Today I am not here to tell Donna’s story. She was a girl who lived a bright but cruelly short life. And she changed my life to its core. I could never do her story justice, and her parents tell it best. Her story continues now as good things are being done in her name. Today, I am only here to explain why I give my time, energy and dollars to the Young Associates Board at Lurie Children’s Hospital of Chicago.
First of all, cancer brings out the best in people. It is an evil disease. Sickening and dark.
But those who face it are superheroes. In and around cancer, you find the most amazing people (even though they say they had no choice but to be amazing). Also, in and around cancer, you learn the most profound lessons. You become better. No doubt. It might sound selfish, but this work does wonder for my own development.
Yet, I don’t volunteer with organizations supporting research/programs for adult cancers. My father faced cancer, my grandmother died from colon cancer, and both of my mother’s sisters battled breast cancer. Yes, cancer can suck it. But I volunteer to support those facing childhood cancers because I know it is an area so desperately underfunded and so very different than adult cancers. I know the American Cancer Society is the “sponsor of birthdays” and uses kids’ images in their ads while only giving $0.01 (penny) from every dollar they raise on childhood cancer research. I also know that the Susan G. Komen Foundation has spent millions to sue small organizations that use “for the cure.” I know that the National Cancer Institute (NCI) which is our public tax dollars at work decreased funding every year 2003-2008. The current funding is $26.4 million (or 4% of the NCI budget). By comparison, public funding for AIDS research is near $254 million; funding for breast cancer is near $584 million. We simply don’t have the numbers.
But pediatric brain tumors are the deadliest type of childhood cancer. And killed my dance student, my friend Donna when she was 4 ¼ years old.
A list of those outstanding organizations directing at least $0.80 of every dollar to childhood cancer include St. Baldrick’s, Alex’s Lemonade Stands, The Rally Foundation, Bear Necessities, and the Young Associates Board. I volunteer here because Dr. Stew, Dr. Jason, the nurses and the whole team go above and beyond the work they do saving lives; they also save the quality of lives. Once I learned from Dr. Stew that finding cures and lifesaving were just two of the goals, I saw my place in this work much deeper. Many of the kids you will meet on the oncology ward may die or may struggle. It’s true. But I think that is no reason to look away.
Yes, you will meet parents who grieve for their child, but know they did everything they could and gave their kid a beautiful life. Bereaving families are as much a part of this cancer community as those currently fighting and those who survived. We’re all together in this. When you meet survivors of childhood cancer please understand they face side effects for the rest of their days, including permanent organ damage, infertility, dental decay from having to imbed oral chemo in the sweetest of treats, delayed development (walking, talking, learning, social), swelling, nerve damage, and second cancers. Many will struggle in college. Many will always have the fear that cancer will come back.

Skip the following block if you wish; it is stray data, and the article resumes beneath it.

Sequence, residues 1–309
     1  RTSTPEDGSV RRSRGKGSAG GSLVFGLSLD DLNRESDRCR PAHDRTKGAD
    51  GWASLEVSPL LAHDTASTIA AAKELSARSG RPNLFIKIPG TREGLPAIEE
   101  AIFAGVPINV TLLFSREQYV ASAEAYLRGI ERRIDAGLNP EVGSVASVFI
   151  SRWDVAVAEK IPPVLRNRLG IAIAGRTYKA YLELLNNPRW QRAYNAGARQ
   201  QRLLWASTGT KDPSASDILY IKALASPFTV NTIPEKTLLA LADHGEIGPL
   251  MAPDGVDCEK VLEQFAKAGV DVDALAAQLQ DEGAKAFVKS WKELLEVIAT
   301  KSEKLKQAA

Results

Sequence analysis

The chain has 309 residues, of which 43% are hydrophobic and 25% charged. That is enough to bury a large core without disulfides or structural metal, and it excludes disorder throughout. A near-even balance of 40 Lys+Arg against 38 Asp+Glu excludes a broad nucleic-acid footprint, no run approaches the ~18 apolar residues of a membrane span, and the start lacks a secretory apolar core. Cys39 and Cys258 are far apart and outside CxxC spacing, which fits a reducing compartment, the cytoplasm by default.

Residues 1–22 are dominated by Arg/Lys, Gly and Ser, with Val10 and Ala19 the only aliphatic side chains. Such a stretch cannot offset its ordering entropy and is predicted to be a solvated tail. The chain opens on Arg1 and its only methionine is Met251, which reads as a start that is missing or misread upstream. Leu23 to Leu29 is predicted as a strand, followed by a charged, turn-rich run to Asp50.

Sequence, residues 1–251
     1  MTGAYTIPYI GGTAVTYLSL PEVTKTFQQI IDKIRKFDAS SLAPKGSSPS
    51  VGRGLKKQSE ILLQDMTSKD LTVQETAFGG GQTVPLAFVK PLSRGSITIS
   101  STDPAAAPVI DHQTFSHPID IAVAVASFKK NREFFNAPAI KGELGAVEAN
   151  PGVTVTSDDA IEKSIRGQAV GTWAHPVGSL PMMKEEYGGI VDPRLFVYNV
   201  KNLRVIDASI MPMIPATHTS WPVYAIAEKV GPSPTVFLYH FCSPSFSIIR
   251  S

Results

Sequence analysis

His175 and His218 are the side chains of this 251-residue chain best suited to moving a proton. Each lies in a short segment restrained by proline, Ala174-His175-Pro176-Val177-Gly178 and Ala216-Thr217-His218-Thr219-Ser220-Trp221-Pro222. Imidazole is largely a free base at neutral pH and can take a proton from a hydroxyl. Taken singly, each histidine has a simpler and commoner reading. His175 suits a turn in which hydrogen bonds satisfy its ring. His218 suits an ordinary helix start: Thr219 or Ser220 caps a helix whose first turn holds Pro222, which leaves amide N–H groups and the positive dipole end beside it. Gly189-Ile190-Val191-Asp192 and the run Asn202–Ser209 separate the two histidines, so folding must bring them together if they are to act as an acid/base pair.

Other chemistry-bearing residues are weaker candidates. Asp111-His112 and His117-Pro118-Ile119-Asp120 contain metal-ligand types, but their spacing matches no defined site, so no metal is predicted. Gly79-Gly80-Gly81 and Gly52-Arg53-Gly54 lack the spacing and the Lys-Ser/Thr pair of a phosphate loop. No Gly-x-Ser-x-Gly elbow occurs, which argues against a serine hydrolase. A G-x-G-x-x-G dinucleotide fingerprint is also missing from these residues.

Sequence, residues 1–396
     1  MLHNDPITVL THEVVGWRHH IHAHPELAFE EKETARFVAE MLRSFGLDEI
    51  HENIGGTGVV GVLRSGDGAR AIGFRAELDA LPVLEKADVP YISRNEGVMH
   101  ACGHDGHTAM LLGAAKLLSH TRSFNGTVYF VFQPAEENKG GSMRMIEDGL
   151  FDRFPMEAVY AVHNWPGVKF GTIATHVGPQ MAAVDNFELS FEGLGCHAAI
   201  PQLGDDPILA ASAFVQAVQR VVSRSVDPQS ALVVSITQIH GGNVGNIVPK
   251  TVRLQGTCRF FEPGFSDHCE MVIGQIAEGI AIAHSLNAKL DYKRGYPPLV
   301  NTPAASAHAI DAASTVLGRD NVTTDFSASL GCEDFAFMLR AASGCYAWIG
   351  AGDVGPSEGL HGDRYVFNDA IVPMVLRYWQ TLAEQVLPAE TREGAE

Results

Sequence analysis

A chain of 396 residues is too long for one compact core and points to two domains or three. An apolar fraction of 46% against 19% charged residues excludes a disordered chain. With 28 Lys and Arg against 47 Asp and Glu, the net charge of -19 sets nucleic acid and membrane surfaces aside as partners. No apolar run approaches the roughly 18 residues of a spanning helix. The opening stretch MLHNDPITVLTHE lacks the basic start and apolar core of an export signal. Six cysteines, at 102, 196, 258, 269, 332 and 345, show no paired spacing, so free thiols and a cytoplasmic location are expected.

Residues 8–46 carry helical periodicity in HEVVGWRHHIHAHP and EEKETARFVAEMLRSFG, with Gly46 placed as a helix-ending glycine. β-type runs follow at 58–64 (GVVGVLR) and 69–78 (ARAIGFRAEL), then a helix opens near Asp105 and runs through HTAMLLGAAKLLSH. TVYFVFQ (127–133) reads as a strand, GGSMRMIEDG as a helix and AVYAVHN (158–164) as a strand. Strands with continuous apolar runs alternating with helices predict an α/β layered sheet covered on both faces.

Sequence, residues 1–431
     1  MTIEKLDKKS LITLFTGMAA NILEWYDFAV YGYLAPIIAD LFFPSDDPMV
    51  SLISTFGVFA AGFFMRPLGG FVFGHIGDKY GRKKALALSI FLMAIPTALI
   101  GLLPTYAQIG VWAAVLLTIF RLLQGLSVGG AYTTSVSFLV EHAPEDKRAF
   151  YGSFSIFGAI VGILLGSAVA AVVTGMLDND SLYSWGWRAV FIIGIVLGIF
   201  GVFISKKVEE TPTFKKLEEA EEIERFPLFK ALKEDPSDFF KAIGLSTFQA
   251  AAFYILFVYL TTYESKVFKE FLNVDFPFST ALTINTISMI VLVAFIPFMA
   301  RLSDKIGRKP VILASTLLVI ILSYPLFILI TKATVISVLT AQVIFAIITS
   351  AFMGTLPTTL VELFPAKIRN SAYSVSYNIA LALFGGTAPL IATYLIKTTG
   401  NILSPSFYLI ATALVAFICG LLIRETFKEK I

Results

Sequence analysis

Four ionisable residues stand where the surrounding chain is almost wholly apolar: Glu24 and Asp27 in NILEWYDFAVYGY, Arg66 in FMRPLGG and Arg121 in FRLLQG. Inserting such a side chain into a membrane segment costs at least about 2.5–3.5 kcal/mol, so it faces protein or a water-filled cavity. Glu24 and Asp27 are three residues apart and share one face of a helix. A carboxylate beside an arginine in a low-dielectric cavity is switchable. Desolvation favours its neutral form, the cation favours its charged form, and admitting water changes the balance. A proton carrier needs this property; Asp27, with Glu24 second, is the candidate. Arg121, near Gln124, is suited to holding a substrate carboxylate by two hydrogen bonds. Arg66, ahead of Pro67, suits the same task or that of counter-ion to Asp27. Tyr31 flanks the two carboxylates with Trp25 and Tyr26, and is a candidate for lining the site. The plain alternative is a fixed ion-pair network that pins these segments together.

So as you go into this year with the families on the 17th and 18th floors of Lurie Children’s Hospital of Chicago, please…
- Offer joy.
- Bear witness.
- Share stories and legacies, including those from 4W of Children’s Memorial, as the move to the new hospital is both thrilling and painful.
- Remember that working and volunteering in the world of childhood cancer may be like constantly having PMS. Emotions will sway you. That’s ok. Donna taught me to experience pain and fear fully, then move on.
- Find balance. Maybe you can only give 10% of your energy to the YAB throughout the year, maybe you can give 100% but only for three or four months at a time.
- Sometimes these patients grow up way too fast and are mature beyond their years, to an extreme level. Go with it. Follow their lead, just as their parents do. Also sometimes they are 18 years old and just want a puppy and time to watch Finding Nemo. Don’t assume you know what they want. Ask them. But also surprise them. You don’t have to work for Make-A-Wish to make wishes come true. A baseball game, a superhero cape, a dance class, an electronic gadget can mean the world to someone.
- September is Childhood Cancer Awareness Month. The color is gold. Do something.
And as you walk about the race site and museum during the 10th Annual Run for Gus this Thursday…
- Look people in the eye.
- Rather than offering advice, just ask questions. For example, if you see someone with a Team Tyler t-shirt, simply pleasantly open with, “Tell me about Tyler.”
- Smile genuinely and proudly at Rosie, Connor, Jake, Beckett and all the superheroes you have the honor of meeting.
Those who currently battle, those who grieve, and those who survive all share battle scars and bold joy you are unlikely to see anywhere else. I would like you to now watch this video from last year’s Run for Gus and see if you can spot the joy. http://youtu.be/UUd_VRwEFDM It’s amazing to see.
Thanks for allowing me to be a part of the YAB these past 3 ½ years. I am a better person for it.
Read Donna’s Cancer Story as told by her momma.